Rabbi Jeremy Schneider

Parshats Behar-Bechukotai; Leviticus 25:1–26:2, Leviticus 26:3–27:34

Just in case you were looking forward to this, the last portion of Leviticus is a bit of a downer. Actually, make that a major downer. God tells the Israelites what will happen to them if they follow God’s laws. That part is OK. It is the part about what happens if they do not follow the laws — oy!

Speaking of a downer, a great many people when looking at a gravestone note that what is most significant on that marker is not the date of birth nor the date of death, but the dash, the hyphen between them.

That dash, some have observed, is the lifeline; it is along that dash that people lived and experienced life. It is interesting to note that no matter the span in years between one date and the other, the length of that dash is always the same. I think this is to show that there is fullness and meaning in every person’s life. No matter its span, we can find in every dash the moment or moments that defined and shaped that person. It is the point or points along that dash that define a person, that tell the story of their soul.

The Torah teaches that when God created the world, God created human beings b’tzelem Elohim; in God’s own image. Some may read this passage to mean that we all look like God. But Judaism reads it differently; it is not that we look like God, but that we have the many attributes of God as part of our soul. What makes us different is how we use those God-given abilities to affect the world we live in, the people we encounter in life.

The Midrash teaches that on the sixth day, when God began to create human beings in God’s own image, the angels who had been ministering to God through all of the previous creations complained among themselves. They said one to another, “Should mere mortals be so gifted as to be endowed with the Divine image?”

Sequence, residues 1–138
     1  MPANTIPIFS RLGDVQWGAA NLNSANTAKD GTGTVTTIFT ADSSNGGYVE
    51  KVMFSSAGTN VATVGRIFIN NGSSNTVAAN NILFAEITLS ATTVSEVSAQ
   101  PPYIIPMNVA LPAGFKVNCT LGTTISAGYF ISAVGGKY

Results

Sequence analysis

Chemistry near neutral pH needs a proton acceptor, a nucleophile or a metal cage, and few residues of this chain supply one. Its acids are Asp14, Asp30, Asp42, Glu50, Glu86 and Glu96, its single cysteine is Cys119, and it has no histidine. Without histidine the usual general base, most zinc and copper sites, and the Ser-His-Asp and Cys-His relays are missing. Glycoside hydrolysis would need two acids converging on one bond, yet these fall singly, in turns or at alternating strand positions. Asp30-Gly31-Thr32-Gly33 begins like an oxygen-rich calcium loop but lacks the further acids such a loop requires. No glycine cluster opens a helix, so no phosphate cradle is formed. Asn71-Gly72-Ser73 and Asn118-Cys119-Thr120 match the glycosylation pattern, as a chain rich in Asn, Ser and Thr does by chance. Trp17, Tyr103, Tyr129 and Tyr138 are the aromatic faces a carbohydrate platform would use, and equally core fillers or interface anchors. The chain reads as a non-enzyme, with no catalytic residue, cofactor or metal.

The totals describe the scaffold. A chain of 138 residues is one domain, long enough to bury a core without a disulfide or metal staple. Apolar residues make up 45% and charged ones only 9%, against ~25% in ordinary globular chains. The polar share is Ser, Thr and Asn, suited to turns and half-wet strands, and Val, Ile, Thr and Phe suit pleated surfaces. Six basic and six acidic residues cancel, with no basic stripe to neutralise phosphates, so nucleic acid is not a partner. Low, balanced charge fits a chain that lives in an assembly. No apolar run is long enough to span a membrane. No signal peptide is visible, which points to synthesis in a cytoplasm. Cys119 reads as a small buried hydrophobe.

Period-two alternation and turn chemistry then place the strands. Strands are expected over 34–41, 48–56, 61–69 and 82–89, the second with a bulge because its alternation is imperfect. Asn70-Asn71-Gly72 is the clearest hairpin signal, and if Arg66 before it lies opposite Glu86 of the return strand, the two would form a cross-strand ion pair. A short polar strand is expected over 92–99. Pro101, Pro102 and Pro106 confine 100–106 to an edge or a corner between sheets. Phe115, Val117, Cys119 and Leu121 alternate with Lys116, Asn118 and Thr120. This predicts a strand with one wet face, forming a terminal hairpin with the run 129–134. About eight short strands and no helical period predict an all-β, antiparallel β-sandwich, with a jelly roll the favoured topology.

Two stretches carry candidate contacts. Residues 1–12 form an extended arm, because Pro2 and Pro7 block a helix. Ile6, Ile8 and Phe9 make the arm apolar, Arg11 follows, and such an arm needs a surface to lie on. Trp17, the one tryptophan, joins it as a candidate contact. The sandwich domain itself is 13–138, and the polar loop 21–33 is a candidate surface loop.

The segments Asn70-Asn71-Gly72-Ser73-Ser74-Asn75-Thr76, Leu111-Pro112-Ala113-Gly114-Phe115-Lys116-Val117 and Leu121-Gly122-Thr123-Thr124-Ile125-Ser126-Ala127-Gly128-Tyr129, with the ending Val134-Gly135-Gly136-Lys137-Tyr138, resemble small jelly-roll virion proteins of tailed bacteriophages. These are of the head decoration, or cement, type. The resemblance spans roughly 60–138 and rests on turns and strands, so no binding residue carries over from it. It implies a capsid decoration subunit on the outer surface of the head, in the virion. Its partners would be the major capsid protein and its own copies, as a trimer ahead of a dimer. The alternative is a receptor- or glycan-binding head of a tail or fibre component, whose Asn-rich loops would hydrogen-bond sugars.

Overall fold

“No,” they said. “This is not right. We should hide the divine image from humans.”

One of the angels suggested hiding it in the sea, reasoning that the sea was so deep, surely humans would never find it there. Still another suggested hiding it at the top of the highest mountain, close to heaven where the angels could keep an eye on it. But the shrewdest angel dismissed their plans. “The human being,” the angel said, “is ambitious, and will search high and low to find such a treasure. Let us hide it within the soul of every human being. It is the last place in the world a human would think to look.”

In order to follow what God expects of us, we must become as a great rabbi in Jewish tradition called “Geologists of the Soul.” There are great treasures in the soul: There’s faith, there’s love, there’s awe, there’s wisdom, all these treasures you can dig — but if you don’t know where to dig, you dig up mud or you dig up stones. But if you want to get to the gold, which is the awe before God, and the silver, which is the love, and the diamonds, which are the faith, then you have to become a geologist of the soul, you have to know where to dig. We can’t just start poking holes in ourselves or other people and hope to find the treasure within; rather we have to dig carefully, deliberately and intelligently to find that divine image within each of us.

That’s how we follow God’s laws. That’s how we “Do Jewish.” And that is not such a downer after all. JN

Rabbi Jeremy Schneider is the spiritual leader of Temple Kol Ami in Scottsdale and the immediate past president of the Greater Phoenix Board of Rabbis.

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